By CAROLINA DEL BUSTO
By AMY NICHOLSON
By Amy Nicholson
By Stephanie Zacharek
By Amy Nicholson
By Alan Scherstuhl
By Stephanie Zacharek
By JOEL BEERS
In 1963, Jean-Luc Godard's LesCarabiniers told the satirical tale of two peasants who enlist in the army of a king hellbent on world domination. The king and the war were fictitious, but the vainglorious letters sent home by the soldiers were fact, as was the combat footage—unapologetic, interchangeable images appropriated by Godard from the perpetual newsreel of 20th-century armed conflicts.
His new film, Notre Musique, begins with a similarly randomized chronology of violence—only the tone is graver, as if the intervening years had deprived Godard of the ability to so much as crack a smile at the world's lethal absurdities. Bomb bursts illuminate a darkened screen, and we are drowned in a torrent of images offering a brief history of global terror, from 13th-century Russians driving out invading Germans, through the Cold War and on to the more urgent incursions now taking place in the Middle East. Some of the clips hail from documentary sources, while others are taken from movies like Alexander Nevskyand Kiss Me Deadly. But as in Les Carabiniers, Godard doesn't mean for the source material to be differentiated—quite the opposite. "In the age of fable, there appeared on Earth men armed for extermination," announces a voice on the soundtrack, and in doing so Notre Musique announces itself as its maker's great, angry and sorrowful fable for our self-exterminating age.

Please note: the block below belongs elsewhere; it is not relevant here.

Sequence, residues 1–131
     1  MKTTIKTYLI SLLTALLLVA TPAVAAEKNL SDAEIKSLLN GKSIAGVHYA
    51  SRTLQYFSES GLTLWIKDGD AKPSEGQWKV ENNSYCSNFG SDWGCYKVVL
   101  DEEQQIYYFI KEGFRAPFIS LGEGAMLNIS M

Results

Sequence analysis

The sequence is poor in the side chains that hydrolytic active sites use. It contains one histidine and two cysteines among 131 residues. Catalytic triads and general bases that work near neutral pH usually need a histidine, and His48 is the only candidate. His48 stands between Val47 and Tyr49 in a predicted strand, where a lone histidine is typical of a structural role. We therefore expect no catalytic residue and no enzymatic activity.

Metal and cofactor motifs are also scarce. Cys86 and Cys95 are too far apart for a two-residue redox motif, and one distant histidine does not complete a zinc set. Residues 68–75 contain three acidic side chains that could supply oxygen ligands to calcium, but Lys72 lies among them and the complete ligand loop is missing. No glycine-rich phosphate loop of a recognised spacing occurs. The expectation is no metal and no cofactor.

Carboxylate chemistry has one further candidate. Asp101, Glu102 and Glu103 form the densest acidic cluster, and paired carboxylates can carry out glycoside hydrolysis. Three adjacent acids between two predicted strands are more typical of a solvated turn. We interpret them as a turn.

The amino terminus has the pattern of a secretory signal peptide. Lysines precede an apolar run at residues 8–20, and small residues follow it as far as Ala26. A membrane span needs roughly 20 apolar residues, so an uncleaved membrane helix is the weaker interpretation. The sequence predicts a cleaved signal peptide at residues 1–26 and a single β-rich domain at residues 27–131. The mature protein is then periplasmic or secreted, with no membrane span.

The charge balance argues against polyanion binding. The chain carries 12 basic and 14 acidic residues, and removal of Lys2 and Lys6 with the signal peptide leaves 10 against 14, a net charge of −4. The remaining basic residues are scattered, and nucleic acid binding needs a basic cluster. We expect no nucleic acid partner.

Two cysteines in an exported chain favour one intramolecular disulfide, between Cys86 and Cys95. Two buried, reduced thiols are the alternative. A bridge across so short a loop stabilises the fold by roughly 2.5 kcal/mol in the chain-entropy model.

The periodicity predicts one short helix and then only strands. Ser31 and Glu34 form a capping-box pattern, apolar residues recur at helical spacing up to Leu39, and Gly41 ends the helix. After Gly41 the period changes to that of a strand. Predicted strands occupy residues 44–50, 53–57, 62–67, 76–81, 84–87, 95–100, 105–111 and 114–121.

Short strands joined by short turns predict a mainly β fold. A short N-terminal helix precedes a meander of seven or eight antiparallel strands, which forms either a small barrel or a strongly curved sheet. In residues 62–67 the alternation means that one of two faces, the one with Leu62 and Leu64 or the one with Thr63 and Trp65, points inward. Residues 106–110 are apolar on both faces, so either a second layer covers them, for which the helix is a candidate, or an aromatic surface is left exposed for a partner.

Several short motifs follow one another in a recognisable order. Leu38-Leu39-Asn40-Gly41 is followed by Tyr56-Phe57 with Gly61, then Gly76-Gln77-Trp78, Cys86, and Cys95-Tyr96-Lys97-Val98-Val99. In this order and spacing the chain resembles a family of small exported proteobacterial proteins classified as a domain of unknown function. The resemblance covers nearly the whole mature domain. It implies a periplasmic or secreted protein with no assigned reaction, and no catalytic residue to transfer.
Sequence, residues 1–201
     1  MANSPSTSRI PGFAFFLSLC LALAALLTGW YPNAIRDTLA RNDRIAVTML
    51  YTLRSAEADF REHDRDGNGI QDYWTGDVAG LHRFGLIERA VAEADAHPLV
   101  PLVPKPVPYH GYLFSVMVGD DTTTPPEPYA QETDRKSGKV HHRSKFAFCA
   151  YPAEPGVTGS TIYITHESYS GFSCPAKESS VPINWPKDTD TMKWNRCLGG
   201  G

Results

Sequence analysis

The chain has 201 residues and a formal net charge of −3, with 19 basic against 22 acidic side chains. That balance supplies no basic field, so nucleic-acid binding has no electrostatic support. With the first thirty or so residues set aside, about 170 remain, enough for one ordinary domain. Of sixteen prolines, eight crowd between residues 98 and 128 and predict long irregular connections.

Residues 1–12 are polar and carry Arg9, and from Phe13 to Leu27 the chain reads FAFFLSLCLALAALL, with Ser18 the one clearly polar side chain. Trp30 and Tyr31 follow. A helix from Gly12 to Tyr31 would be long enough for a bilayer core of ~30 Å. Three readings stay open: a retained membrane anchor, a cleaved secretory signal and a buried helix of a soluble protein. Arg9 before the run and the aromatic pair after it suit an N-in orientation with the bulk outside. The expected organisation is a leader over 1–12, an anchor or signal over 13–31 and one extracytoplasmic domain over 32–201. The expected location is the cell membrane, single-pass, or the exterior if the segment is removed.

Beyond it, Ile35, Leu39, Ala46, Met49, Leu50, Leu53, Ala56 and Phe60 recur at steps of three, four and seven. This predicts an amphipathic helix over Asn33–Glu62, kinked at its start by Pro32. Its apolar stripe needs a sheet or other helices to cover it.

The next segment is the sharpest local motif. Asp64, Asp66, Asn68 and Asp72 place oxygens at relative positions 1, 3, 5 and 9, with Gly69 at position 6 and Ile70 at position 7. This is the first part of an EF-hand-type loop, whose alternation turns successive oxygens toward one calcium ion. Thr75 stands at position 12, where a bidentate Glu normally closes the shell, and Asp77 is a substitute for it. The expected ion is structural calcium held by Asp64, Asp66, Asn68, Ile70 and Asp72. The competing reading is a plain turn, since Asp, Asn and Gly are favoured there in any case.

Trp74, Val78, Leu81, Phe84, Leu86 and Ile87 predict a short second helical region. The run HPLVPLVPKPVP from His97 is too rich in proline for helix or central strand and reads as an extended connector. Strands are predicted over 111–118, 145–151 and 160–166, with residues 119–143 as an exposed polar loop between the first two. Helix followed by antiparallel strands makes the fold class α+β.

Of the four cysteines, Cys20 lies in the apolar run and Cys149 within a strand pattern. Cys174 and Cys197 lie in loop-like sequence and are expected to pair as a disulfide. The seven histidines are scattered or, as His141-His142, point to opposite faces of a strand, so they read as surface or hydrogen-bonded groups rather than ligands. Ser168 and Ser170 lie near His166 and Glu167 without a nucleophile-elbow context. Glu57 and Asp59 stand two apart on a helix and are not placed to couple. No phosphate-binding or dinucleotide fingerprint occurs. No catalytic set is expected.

Divided by Godard (via Dante) into three kingdoms, Notre Musique charts a gradual progression from the fiery hell that opens the film to a finale set in a placid, lakeside heaven—its gates guarded not by Saint Peter, but by United States Marines. Mostly, though, we're in a wintry purgatory (a.k.a. Sarajevo) right here on planet Earth. The setting is a European literary conference, at which Godard (playing himself or, as Godard might suggest, a filmmaker named Jean-Luc Godard) has been invited to deliver a lecture on the relationship between text and image. That lecture, coming midway through Notre Musique, provides the film with one of its most elegiac moments: holding before his audience a black-and-white photograph of a bombed-out cityscape, Godard asks for guesses as to where the picture was taken. "Stalingrad, Beirut, Sarajevo," come the responses, before Godard reveals the true locale: Richmond, Virginia, circa 1865. The world, Godard seems to be saying, is one eternal, migrating battlefield, and we are its zombified victims.